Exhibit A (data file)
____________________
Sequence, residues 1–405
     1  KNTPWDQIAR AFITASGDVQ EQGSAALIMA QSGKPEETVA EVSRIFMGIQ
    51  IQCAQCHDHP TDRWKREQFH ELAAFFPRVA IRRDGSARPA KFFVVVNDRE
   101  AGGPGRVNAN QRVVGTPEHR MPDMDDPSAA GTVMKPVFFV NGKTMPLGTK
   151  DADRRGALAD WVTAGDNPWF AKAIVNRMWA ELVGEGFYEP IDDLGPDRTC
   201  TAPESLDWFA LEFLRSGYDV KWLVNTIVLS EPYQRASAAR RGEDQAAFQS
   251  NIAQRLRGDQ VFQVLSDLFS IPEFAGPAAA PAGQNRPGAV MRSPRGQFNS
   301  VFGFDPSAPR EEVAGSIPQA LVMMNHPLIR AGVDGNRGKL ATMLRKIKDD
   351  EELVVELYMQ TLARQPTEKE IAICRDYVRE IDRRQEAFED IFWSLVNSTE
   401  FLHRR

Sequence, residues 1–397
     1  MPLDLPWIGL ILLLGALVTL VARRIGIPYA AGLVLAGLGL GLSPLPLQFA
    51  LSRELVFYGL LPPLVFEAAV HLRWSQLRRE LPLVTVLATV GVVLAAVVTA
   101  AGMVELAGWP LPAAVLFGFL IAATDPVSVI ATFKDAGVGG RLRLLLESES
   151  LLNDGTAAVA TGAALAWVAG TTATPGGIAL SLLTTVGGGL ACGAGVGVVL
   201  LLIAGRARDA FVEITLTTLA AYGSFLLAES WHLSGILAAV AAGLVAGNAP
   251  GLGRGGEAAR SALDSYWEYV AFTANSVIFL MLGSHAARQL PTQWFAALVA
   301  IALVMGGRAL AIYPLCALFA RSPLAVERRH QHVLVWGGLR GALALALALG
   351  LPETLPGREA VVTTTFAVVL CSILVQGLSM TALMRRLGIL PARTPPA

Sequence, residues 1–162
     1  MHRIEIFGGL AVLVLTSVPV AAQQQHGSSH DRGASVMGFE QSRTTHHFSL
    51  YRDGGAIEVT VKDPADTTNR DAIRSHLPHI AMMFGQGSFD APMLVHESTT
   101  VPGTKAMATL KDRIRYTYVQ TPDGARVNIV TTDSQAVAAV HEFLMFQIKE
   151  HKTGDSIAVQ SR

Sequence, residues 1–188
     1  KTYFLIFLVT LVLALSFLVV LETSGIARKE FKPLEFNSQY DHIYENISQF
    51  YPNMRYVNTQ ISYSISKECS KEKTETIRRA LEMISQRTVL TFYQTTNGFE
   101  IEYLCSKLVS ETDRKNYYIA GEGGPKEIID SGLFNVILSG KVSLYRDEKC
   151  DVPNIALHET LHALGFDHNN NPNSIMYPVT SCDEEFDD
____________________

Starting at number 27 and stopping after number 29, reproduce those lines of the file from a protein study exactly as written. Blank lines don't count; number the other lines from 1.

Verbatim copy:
    51  YPNMRYVNTQ ISYSISKECS KEKTETIRRA LEMISQRTVL TFYQTTNGFE
   101  IEYLCSKLVS ETDRKNYYIA GEGGPKEIID SGLFNVILSG KVSLYRDEKC
   151  DVPNIALHET LHALGFDHNN NPNSIMYPVT SCDEEFDD